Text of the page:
W A S H I N G T O N, Aug. 10, 2000 -- The number of Americans age 65 or olderincreased tenfold in the last century and the elderly are livinglonger, in more comfort and in better health than ever before,researchers report.
But up to one in four elderly Americans, by some measures, isnot sharing equally in this better life, according to a reportbeing released today that summarizes data from nine federalagencies.
“People are living longer and living more of their life inbetter health than before,” said Richard Suzman, an expert at theNational Institute on Aging, the lead agency in assembling thereport.
The challenge, he said, is to keep up that trend of improvementand to spread the benefits more equally among all races and ethnicgroups.
Suzman said the report will help policy-makers brace for theold-age arrival of the baby boomers, a population wave that willcreate “an enormous stretch” of society’s health and elder careservices.
Taking Data From Various Agencies
The study, “Older Americans 2000: Key Indicators ofWell-Being,” compiles for the first time statistics from variousagencies “to provide a unified picture of the overall health andwell-being of older Americans, said Katherine K. Wallman, chiefstatistician of the Office of Management and Budget.
“I see a very positive picture, but clearly problems doremain,” said Dr. Edward J. Sondik, the director of the NationalCenter for Health Statistics.
Included in the 128-page report are statistics of 31 keyindicators selected to portray the lives and lifestyles of olderAmericans. Suzman said that such information will be updatedperiodically and used to help shape federal services for theelderly in the future.
Among the findings:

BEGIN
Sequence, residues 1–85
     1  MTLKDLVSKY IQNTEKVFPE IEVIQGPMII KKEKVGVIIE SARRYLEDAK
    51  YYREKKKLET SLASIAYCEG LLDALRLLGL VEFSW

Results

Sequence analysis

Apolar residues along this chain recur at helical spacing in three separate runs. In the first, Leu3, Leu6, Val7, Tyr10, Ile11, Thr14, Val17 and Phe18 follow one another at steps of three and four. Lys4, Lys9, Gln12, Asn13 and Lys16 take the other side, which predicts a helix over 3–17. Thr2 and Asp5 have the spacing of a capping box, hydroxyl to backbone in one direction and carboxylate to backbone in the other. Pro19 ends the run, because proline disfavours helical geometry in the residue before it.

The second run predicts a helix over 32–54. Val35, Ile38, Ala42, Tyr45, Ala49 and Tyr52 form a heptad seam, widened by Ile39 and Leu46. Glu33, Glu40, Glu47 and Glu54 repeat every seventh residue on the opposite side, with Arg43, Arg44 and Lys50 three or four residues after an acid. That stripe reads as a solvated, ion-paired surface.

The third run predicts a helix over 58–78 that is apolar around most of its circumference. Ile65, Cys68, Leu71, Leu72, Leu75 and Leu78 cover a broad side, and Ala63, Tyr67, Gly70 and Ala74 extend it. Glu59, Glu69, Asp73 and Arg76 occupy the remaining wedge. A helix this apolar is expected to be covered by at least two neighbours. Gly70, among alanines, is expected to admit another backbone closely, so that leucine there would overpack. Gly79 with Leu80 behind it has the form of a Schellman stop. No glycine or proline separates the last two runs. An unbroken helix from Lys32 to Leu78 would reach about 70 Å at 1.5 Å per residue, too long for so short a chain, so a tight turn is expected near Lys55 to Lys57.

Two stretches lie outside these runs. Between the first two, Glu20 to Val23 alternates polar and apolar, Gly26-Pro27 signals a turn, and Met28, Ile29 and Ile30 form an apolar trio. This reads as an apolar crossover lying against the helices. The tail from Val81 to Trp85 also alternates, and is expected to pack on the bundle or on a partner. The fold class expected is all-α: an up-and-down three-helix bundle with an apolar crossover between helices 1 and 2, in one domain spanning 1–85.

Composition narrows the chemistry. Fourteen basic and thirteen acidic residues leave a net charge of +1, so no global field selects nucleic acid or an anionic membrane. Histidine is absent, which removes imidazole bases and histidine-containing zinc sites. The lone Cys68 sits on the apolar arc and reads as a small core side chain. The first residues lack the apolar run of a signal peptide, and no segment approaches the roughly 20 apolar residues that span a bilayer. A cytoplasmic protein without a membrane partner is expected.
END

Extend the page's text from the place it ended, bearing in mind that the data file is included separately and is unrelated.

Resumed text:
There are approximately 35 million people in the United Statesage 65 or older, accounting for about 13 percent of the totalpopulation. In 1900, the number of older Americans was about 3.1million.
With the aging of baby boomers, born between 1946 and 1964,America’s older population will double by 2030, reaching some 70million.
Life expectancy for Americans age 65 in 2000 is 18 years, onaverage. In 1900, 65-year-olds could expect to live, on average,another 12 years.
In 1998, women accounted for 58 percent of those over 65 and 70percent of those 85 or older. About 41 percent of the older womenlive alone.
The older population will become more ethnically and raciallydiverse, the study predicts. Of those age 65 or older now, about 84percent are non-Hispanic whites. By 2050, that number will be 64percent.
From 1959 to 1998, the percentage of older Americans living inpoverty declined from 35 percent to 11 percent.
The median net worth in households headed by older peopleincreased from 1984 to 1999 by 70 percent, but there is a startlingdisparity between races. In 1999, the median net worth inhouseholds headed by older black people was $13,000, compared with$181,000 for older white householders.
There was a wide difference in the rates of poverty betweenracial and ethnic groups for Americans 65 and older. In 1998, thepercentage of non-Hispanic whites living in poverty was 8.2,compared with 26.4 percent for non-Hispanic blacks, 16 percent fornon-Hispanic Asian and Pacific Islanders and 21 percent forHispanics.
Heart disease, cancer and stroke are the big three killers.Mortality rates for heart disease and stroke have declined by athird since 1980, while the rate for cancer has gone up slightly.
The rate of chronic disability among older Americans declinedfrom 24 percent in 1982 to 21 percent in 1994.
About 4 percent of the population 65 and older, some 1.46million people, were in nursing homes in 1997. About 192 out ofevery 1,000 people aged 85 or older were in nursing homes in 1997.The rate for this group in 1985 was 220 per 1,000.
A survey of Americans age 65 and older between 1994 and 1996found that the vast majority considered themselves healthy. Fornon-Hispanic whites, 74 percent considered themselves in good orexcellent health. For non-Hispanic blacks, the figure was 59.3percent, while it was 64.9 percent for Hispanics.